never let anyone into your building unless you know them or have seen their ID. Make sure all valuables are kept out of sight and are marked, the cheapest way to do this is with a UV pen. These are just a few of the precautions you can take. For a full list contact vp-support@ src.gla.ac.uk or check out the note on the SRC facebook page. If you discover that your house has been broken into, call the police and do not touch anything so they can preserve any evidence. If you arrive home and discover the door open or can see that someone has forced entry, do not enter alone and phone the police.” The University say: “Through the SRC we provide advice to students on how to keep themselves, their belongings and property safe, including highlighting the importance of locking doors and windows to prevent opportunistic thefts, as well as never leaving valuables unattended while out and about. To reinforce this message, and following a spate of house breakings affecting students, the University and its partners are about to launch an awareness campaign to highlight to students the importance of keeping their accommodation secure. However, crime levels on and around the campus remain very low and the personal safety coordinating group advises on a range of student safety and security matters.” Sergeant Logie went on to say: “The work is never done and we’re always looking for innovative ideas to prevent crime.” The two-month operation aims towards making the area, and Glasgow in general, a much safer area longterm. General advice and information regarding student safety can be found on the Strathclyde Police website
GUST anger over ‘Say Hello’ video Louise Wilson Members of Glasgow student television team, GUST have expressed anger over the University spending £15 505 oo the ‘Say Hello’ youtube video released in July. All forms of student media, including GUST, GUM and Subcity, are funded through the SRC using the budget the University provides. Over recent years, the amount received by such media groups has had to be cut, due to a decrease in the overall SRC budget. GUST receives just £1000 per annum, fifteen times less than was spent on the production of the ‘Say Hello’ video. Lisa Hogg, GUST Controller, was extremely disappointed in the amount spent on the video, despite GUST creating similar videos themselves. She said: “If the university had approached us about the video, we would have undoubtedly been able to produce it to at least an equal standard. It is very sad that we were not given the chance to do this.”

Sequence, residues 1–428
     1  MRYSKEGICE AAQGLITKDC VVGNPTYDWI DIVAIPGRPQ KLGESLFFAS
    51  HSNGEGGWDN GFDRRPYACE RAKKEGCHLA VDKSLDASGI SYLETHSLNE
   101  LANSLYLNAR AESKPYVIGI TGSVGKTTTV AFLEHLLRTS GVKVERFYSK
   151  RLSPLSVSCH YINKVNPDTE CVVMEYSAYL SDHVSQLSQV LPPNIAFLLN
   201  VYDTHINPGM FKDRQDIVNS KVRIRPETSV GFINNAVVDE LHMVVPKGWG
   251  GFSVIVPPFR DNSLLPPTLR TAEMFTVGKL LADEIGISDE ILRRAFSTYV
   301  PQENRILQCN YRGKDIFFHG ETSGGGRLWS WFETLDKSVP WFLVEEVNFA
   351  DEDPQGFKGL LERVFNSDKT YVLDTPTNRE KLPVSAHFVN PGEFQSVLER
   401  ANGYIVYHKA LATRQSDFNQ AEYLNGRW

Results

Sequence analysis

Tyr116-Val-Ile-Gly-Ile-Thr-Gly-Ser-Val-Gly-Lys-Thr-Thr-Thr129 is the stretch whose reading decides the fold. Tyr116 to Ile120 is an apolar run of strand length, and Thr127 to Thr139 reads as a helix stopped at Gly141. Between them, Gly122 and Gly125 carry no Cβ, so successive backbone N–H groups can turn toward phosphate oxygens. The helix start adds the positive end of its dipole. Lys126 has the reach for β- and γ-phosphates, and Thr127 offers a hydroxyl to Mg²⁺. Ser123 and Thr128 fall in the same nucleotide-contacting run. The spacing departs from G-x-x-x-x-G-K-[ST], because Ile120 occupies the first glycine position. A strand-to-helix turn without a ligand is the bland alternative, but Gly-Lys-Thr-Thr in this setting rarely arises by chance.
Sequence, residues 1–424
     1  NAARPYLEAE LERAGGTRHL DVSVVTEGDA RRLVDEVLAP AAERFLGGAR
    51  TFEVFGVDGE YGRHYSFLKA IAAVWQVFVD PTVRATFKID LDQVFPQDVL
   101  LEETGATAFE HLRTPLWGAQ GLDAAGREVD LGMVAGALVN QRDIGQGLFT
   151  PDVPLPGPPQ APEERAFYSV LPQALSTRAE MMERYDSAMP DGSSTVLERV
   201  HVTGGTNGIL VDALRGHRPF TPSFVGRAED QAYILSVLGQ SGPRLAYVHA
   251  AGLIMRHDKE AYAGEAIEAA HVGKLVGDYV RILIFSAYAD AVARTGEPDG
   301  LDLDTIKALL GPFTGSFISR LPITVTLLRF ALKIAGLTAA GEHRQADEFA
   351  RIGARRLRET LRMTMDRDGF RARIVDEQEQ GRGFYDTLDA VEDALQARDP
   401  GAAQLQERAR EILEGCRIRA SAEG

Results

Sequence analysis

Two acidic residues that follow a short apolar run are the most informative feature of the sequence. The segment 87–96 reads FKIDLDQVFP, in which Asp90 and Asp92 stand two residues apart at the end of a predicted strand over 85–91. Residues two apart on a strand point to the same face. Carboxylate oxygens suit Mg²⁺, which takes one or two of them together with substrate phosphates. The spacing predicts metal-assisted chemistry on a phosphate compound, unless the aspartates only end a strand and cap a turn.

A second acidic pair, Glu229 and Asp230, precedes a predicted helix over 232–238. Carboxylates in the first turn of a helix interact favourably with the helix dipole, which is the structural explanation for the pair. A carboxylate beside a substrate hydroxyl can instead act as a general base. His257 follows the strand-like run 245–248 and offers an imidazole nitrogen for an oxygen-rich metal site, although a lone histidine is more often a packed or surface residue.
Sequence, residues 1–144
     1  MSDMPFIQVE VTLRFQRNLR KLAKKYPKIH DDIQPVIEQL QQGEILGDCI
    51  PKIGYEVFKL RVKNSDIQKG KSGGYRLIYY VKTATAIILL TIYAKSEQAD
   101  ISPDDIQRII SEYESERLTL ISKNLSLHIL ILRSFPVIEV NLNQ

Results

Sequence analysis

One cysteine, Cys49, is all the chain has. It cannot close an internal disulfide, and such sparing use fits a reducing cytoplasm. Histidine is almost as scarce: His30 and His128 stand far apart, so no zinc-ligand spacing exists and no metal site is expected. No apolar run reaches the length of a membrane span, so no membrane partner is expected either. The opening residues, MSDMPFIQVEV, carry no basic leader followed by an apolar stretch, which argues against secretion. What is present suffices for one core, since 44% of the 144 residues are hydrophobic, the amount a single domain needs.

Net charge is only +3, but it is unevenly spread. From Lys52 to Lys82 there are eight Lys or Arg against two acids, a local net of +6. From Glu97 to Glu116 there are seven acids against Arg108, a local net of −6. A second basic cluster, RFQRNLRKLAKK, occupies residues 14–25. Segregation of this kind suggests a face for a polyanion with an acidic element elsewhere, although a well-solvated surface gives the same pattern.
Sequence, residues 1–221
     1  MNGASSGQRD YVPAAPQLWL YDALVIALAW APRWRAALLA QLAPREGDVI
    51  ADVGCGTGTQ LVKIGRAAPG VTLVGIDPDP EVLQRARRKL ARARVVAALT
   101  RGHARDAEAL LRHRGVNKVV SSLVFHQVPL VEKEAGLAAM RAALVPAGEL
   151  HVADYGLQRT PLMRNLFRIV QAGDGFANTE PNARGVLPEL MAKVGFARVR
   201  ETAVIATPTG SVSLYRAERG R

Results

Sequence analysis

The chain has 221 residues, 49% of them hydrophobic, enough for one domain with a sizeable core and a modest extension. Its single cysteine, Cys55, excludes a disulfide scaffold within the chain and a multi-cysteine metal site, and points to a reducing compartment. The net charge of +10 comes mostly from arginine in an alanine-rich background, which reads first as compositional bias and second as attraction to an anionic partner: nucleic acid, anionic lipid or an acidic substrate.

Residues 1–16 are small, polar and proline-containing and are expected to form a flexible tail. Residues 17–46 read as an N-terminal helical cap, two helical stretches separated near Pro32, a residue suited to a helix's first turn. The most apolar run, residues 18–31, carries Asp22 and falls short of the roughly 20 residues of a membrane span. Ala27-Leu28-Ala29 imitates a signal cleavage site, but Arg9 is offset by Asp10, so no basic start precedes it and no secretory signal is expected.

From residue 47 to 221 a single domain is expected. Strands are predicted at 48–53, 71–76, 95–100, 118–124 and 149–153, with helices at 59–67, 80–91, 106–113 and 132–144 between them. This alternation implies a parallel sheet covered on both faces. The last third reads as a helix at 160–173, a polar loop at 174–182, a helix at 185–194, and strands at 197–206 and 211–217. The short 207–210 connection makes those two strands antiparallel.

GUST is one of the oldest student television channels in the world, being part of Glasgow University for 48 years. However, they are currently unable to afford the new technical equipment needed to maintain the standard of their videos. Currently, GUST is relying on member’s personal cameras to shoot and produce much of their footage. Hogg went on to say: “GUST produces a number of high quality videos per year that represent Glasgow University in a fantastic light to prospective students, our “It Gets Better” promo video from last year being one such example. The University are well aware of the high quality content we are currently producing, as they promoted our “GUST Guide to Graduation” on their website and twitter back in May.” Craig Angus, VP of Media and Communication for the SRC, had previously expressed displeasure at the amount spent on the ‘Say Hello’ video. He said: “We weren’t consulted about the creation of the video, and that a figure of such magnitude was spent on the video